The next CEO I spoke with was Robert Wray, who has founded (and still owns) three businesses. The first is called Innovative Technologies, which he started shortly after graduating high school. This company filled a gap that he noticed while working at Comp USA: proving a service to set up computer systems for small businesses. After the success of his first company, Wray went on to create mp3car.com, which provides over 600 mobile computing products (aka computer gadgets for your car). After struggling to organize and ship all of the products for mp3car manually, Wray then founded WhiteBox, which is a service which automates the back-end details. He says WhiteBox allows “small and midsize businesses to have access to enterprise level logistics and accounting systems…[so that] the chance for human error is much lower.”
Finally, I talked to Jess Gartner, who at 28 is unlike these other tech veterans because she founded her first company, Allovue, just last year. Rather than starting a company straight out of high school, Gartner studied Education Policy at University of Pennsylvania, then went on to teach Social Studies and Language Arts in Baltimore City Public Schools through Teach for America. Following her teaching stint, she worked at a venture capital firm in downtown Baltimore doing marketing and social media, where she evidently “caught the bug” to try her hand at being an entrepreneur. Gartner used her knowledge of education finances and policies to create Allovue to provide school districts with a financial dashboard which tracks and analyzes their spending and makes it easier to allocate funds in order to achieve specific outcomes (such as student performance or teacher satisfaction).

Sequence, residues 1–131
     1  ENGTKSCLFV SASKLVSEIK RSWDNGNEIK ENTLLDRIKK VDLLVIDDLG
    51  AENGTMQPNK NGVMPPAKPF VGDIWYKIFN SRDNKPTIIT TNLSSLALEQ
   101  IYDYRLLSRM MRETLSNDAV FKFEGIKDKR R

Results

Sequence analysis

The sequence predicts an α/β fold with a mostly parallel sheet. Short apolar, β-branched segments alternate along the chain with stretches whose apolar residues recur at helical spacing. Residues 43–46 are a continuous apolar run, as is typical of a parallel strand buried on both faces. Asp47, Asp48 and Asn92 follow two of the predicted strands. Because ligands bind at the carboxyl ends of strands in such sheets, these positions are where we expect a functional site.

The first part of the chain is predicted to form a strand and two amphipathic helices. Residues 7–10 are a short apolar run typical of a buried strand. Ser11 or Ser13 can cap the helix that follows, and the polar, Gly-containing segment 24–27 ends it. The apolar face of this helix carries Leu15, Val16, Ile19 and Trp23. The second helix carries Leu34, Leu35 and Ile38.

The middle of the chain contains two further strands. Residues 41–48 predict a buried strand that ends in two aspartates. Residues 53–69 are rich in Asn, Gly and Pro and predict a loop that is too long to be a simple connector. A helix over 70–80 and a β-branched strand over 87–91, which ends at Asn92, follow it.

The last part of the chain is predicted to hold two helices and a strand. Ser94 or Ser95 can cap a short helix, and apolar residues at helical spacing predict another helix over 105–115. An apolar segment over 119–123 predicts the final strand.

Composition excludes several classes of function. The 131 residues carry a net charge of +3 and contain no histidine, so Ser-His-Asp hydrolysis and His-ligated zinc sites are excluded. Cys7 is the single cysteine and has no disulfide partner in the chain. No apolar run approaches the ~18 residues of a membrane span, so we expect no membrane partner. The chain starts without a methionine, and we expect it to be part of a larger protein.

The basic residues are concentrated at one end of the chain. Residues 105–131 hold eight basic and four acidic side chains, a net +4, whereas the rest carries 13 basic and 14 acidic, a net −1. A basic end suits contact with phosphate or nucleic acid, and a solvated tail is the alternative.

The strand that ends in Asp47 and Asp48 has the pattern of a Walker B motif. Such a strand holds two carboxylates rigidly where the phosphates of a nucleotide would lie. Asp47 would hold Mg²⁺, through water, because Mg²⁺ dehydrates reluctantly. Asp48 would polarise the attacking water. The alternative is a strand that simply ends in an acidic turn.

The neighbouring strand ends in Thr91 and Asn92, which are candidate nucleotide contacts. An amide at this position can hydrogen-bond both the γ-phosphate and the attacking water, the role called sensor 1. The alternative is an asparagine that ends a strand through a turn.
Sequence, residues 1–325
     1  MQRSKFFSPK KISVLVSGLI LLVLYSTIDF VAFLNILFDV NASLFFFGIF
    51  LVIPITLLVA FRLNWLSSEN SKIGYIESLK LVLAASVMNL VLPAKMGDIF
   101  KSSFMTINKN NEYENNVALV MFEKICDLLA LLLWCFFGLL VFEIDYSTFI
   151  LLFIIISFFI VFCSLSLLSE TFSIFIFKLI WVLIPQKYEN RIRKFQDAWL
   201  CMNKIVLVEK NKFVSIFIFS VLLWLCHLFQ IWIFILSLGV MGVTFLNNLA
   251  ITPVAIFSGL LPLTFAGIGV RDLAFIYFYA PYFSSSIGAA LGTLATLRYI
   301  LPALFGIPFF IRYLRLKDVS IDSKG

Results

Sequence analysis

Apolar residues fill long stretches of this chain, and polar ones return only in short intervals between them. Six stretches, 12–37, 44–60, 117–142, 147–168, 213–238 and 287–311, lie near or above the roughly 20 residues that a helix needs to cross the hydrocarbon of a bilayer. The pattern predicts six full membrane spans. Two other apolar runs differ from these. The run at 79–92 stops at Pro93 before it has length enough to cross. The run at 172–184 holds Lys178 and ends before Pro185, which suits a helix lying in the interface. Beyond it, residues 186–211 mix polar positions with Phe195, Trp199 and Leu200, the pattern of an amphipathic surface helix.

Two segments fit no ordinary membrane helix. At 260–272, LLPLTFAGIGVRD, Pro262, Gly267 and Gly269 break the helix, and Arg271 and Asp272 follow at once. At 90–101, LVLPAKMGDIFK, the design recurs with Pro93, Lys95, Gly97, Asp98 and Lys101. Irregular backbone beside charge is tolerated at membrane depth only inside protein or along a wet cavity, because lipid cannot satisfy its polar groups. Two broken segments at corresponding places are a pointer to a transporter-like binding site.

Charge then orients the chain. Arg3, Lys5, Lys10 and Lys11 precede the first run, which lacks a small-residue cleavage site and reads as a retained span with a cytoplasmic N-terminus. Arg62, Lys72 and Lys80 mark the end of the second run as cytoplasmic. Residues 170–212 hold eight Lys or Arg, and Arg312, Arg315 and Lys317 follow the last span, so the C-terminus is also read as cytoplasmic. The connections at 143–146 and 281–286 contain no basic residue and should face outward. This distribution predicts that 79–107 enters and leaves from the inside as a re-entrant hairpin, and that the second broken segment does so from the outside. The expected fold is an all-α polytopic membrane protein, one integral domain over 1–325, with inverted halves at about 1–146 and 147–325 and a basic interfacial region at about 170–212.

These broad career descriptions would have you believe that these three entrepreneurs found the process of starting their business(es) smooth and natural. That’s the problem with broad descriptions—the difficult moments and negative details are left out. 410 Labs, Troy’s product incubator, worked on several startup ideas before hitting upon Mailstrom, their email simplifying software. He says that when 410 put their other product prototypes in front of customers, “they didn’t achieve enough resonance to really make it worth pursuing.”
At 18, Wray struggled a lot to get Innovative Technologies running smoothly, or at all. He recalls, “There were many nights where I would over-promise and not necessarily be able to deliver on that and have to offer large credits or work through the night to solve problems, or even bring in some experts at my expense to support commitments that I had made.” Wray even confesses, “I was terrible about tracking finances and would regularly forget to file tax returns, [then] get notices from the IRS that we’re coming to seize your assets…they might have even said [I would] go to jail if I didn’t pay my taxes.”